I have voted for Martinez from the beginning, and this time will be his 10th and final chance on the ballot. He reached 70.4 percent last year, missing by only 20 votes. When I first started voting for him, his annual total hovered in the 30s and actually dipped into the 20s his fifth and sixth years on the ballot.
Martinez played 18 seasons, all in Seattle, but didn’t become a regular (as a third baseman) until his age 27 season. Five years later, in part to keep him healthy, he became a full-time DH. He won five Silver Slugger awards and two batting championships. He was selected for seven All-Star Games. He led the American League in on-base percentage three times and finished in the top five in 10 seasons. He led the AL in RBIs with 145 at age 37. He retired in 2004 as the sixth player with 300 homers, 500 doubles, a career average over .300, a career OBP over .400 and a career slugging percentage over .500. The first five were Babe Ruth, Ted Williams, Lou Gehrig, Rogers Hornsby and Stan Musial. Martinez, by far, played in the fewest games and made the few plate appearances. (This decade, Manny Ramirez, Chipper Jones and Todd Helton joined the esteemed club.)
The numbers alone warrant a Martinez plaque in upstate New York. Icing on the cake: He won the Roberto Clemente Award for sportsmanship and citizenship. Baseball has honored its top DH since 2004 with the Edgar Martinez Award. (Five times Martinez had won the award in its previous iteration as the Outstanding Designated Hitter Award.) Rivera (HOF Class of 2019) and Pedro Martinez (HOF Class of 2015) have called Martinez the toughest hitter they ever faced. Paul Molitor and Frank Thomas have shattered the barrier that a player can’t be elected after spending much of his career as a DH.
Plus, if Martinez isn’t elected, the universe would be giving a giant middle finger to a deserving designated hitter a month after Harold Baines’ inexplicable election to the Hall of Fame by the Today’s Game Era Committee (one of four veterans subcommittees on the landscape). In five BBWAA elections, before falling below the 5 percent threshold to remain on the ballot, Baines never garnered more than 6.1 percent of the vote.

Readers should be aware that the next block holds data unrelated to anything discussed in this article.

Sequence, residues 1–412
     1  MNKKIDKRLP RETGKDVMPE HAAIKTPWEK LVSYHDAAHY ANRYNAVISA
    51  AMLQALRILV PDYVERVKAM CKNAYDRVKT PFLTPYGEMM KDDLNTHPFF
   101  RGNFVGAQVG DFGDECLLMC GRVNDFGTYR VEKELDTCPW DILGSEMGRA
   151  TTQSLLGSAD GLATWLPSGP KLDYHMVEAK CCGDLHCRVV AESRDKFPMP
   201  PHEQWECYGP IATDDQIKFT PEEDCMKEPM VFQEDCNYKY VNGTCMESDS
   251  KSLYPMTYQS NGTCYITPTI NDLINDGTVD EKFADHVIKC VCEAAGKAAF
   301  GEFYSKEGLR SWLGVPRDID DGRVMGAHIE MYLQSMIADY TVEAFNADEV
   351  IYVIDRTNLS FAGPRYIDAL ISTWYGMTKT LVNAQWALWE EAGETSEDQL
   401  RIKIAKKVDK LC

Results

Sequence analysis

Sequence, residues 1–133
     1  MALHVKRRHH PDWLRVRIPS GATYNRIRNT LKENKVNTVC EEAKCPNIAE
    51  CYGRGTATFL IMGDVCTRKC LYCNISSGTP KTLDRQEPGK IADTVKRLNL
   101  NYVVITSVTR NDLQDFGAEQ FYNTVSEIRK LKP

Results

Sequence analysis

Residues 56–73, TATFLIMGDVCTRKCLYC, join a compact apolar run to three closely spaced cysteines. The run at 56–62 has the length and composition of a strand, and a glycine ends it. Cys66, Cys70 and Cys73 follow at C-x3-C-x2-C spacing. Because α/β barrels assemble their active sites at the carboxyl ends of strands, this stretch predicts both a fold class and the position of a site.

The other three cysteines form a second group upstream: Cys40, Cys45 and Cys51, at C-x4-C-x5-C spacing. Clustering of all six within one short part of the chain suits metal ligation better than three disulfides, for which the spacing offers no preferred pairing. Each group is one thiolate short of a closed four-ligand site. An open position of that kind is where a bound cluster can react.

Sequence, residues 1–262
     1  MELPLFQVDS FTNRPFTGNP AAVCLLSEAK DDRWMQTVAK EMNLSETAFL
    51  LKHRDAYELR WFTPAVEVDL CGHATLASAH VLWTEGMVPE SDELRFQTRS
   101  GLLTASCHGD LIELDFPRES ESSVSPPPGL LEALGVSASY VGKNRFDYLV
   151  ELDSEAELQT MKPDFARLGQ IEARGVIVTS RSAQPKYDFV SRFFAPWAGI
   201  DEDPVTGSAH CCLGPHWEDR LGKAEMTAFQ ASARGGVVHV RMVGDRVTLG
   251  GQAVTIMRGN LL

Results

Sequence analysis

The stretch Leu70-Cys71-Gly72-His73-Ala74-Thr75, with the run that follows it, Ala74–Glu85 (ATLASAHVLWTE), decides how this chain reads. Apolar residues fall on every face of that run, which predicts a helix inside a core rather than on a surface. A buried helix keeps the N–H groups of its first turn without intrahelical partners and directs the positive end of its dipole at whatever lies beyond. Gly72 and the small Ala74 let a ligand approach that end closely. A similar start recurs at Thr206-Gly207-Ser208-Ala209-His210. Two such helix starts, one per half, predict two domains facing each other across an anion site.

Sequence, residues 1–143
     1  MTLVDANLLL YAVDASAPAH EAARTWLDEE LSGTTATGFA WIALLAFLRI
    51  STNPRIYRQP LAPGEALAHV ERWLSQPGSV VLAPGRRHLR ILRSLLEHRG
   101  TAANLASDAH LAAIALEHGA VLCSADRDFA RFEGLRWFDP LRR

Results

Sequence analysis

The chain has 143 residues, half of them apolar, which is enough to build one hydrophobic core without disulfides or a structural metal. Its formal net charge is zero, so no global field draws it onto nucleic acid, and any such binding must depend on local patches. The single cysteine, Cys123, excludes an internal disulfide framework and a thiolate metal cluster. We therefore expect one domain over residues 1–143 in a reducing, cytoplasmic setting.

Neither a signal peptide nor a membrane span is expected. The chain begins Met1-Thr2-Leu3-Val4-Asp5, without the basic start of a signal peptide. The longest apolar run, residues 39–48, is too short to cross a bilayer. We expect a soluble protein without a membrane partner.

Here’s the good news: Edgar Martinez should be on the brink of Cooperstown. According to the annual detective work of Ryan Thibodaux — follow him on Twitter via @NotMrTibbs — Martinez has appeared on 90 percent of the ballots made public thus far. That’s about a third of the electorate. Already Martinez has gained votes from 17 sportswriters who bypassed him last year, when he came up only 20 votes short of 75%.
The Hall of Fame allows sportswriters to vote for up to 10 candidates, a limit that many BBWAA members consider unfair and arbitrary and that has led to a backlog of top-shelf candidates. That backlog has eased a bit this year. Still, I voted the max, as I have since the 2011 election.
Four players from my 2018 ballot were elected: Vladimir Guerrero, Trevor Hoffman, Chipper Jones and Jim Thome.
Detroit Tigers Alan Trammell talks about Jack Morris and Lou Whitaker and the Hall of Fame
Detroit Free Press
My 2019 ballot
• My six carryovers: Bonds and Clemens (seventh year on the ballot for both, 56.4 percent and 57.3 percent in ’18), Martinez (10th year), Mike Mussina (sixth year, 63.5 percent in ’18), Curt Schilling (seventh year, 51.2 percent in ’18) and Larry Walker (ninth year, 34.1 percent in ’18).
• Two first-year no-brainers: Rivera and Roy Halladay, the late two-time Cy Young Award winner and author of baseball’s 20th perfect game and second playoff no-hitter.
• One newcomer for me: Scott Rolen, the oft-injured third baseman with eight Gold Gloves, on the ballot for his second year.
• One old favorite for me: Fred McGriff, on the ballot for the final time. I also voted for the Crime Dog in 2016, but I never found room for him other years. He has never topped the 23.9 percent he attracted in his third year on the ballot. I always have felt sorry for McGriff, despite his 493 home runs (never more than 37 in a season), his eight 100-RBI seasons (never more than 107) and his .284/.377/.493 slash line. Those mighty stats, including 30-homer seasons with five teams and a Top 50 ranking in all-time RBI production, were dwarfed by the mega-stars of the Steroid Era. McGriff was never linked to baseball’s dark arts, unlike three others who debuted, like him, in 1986: Bonds, Mark McGwire and Rafael Palmeiro.
Thibodaux’s efforts suggest Rivera, Halladay and Martinez should be Hall of Fame locks, and Mussina has a shot. Walker should be the big mover, giving him a fighting chance in his final shot next year. Schilling also could be in position for a 2020 Cooperstown ticket. Bonds and Clemens find their candidacies stuck in the mud with the doomsday clock ticking.
Gene Myers retired in late 2015 after nearly a quarter-century as sports editor of the Free Press.